Korean news agency is reporting that North Korea has test-fired two more
short-range missiles, even as international condemnation of its Monday test of a
nuclear bomb grows.
The Tuesday report by South Korea's Yonhap news
agency cites unnamed government sources who say the missiles were fired from an
east coast launch pad.
The report says the missiles have a range of 130
kilometers. North Korea test-fired three missiles Monday shortly after setting
off an underground nuclear device.
Late Monday, an emergency session of
the 15-member United Nations Security Council - including the United States,
Russia and China - unanimously condemned the nuclear test. The Security Council
says it is preparing a strong response to Pyongyang.
Interfax news agency
in Moscow quoted a Russian Foreign Ministry source as saying the adoption of
tough resolutions is probably unavoidable because the authority of the Security
Council is at stake.
Russia is a permanent veto-holding member of the
Security Council and has previously blocked stronger sanctions against
North Korea has repeatedly said it needs a deterrent to
protect itself from a possible attack from the United States, and accuses
America of being hostile.
The nuclear test was the biggest explosion
North Korea has ever carried out.
The test and heightened tensions
prompted Seoul Tuesday to announce plans to join a U.S. led-initiative to
intercept ships suspected of carrying weapons of mass destruction. North Korea
has previously said it would consider such a move an act of war, and the South
had avoided joining the U.S. off-shore action in order not to provoke the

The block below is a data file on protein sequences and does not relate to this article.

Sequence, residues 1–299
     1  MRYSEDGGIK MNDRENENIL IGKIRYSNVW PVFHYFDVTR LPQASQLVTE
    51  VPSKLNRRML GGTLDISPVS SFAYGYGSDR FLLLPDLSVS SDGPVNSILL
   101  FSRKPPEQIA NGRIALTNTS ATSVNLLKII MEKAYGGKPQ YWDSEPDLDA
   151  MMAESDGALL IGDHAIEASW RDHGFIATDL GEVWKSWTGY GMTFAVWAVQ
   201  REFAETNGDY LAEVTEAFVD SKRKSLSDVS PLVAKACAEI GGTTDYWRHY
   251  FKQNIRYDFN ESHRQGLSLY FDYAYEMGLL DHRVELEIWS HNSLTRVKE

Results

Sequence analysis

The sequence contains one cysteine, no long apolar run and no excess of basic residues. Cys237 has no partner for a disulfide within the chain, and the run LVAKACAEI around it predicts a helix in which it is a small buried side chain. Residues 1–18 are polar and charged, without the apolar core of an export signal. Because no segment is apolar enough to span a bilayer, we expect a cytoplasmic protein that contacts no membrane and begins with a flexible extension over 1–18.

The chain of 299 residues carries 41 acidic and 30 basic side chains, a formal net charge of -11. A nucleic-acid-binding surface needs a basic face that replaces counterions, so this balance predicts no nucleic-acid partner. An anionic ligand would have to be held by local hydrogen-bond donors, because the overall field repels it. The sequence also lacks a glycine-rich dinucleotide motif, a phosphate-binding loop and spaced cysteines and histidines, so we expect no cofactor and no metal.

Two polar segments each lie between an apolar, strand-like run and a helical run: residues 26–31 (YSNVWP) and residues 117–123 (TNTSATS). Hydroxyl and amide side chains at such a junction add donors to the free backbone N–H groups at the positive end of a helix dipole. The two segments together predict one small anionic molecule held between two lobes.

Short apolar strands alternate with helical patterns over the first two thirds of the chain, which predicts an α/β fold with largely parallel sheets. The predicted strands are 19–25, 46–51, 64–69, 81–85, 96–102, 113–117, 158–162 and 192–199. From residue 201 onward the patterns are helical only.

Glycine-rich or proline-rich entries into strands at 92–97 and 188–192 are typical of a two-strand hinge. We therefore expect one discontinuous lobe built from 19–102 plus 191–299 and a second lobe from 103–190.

Monday's nuclear test and missile launch has triggered
condemnation across the globe.
Even China, a neighbor and traditional
ally of the communist North Korean state, says it is resolutely opposed to the
The United States has assured Japan and South Korea that it would
give them its support.
In a phone conversation Tuesday, U.S. President
Barack Obama, South Korean President Lee Myung-bak and Japanese Prime Minister
Taro Aso agreed to work closely and to support U.N. action to curtail North
Korea's nuclear and missile activities.
Mr. Obama says Pyongyang's
nuclear program and missile launches are a grave threat to peace and security
around the world, and a blatant violation of international law.
Diplomats in New York say work is under way on a new Security Council
resolution addressing the North Korean nuclear crisis. The Council was
criticized in the past for acting too slowly against North Korea's military
Foreign ministers from Asia and Europe have also condemned
North Korea for its nuclear test.
In a draft statement Tuesday, ministers
from more than 40 countries urged the North not to conduct further tests and
return to six-nation talks aimed at ending its nuclear weapons programs.
Analysts have been divided in their assessment of the reason for North
Korea's military moves. Some say North Korea may be trying to gain leverage for
negotiations with the international community; others say the test could be part
of an internal political struggle in Pyongyang.Some information for this report was provided by AFP and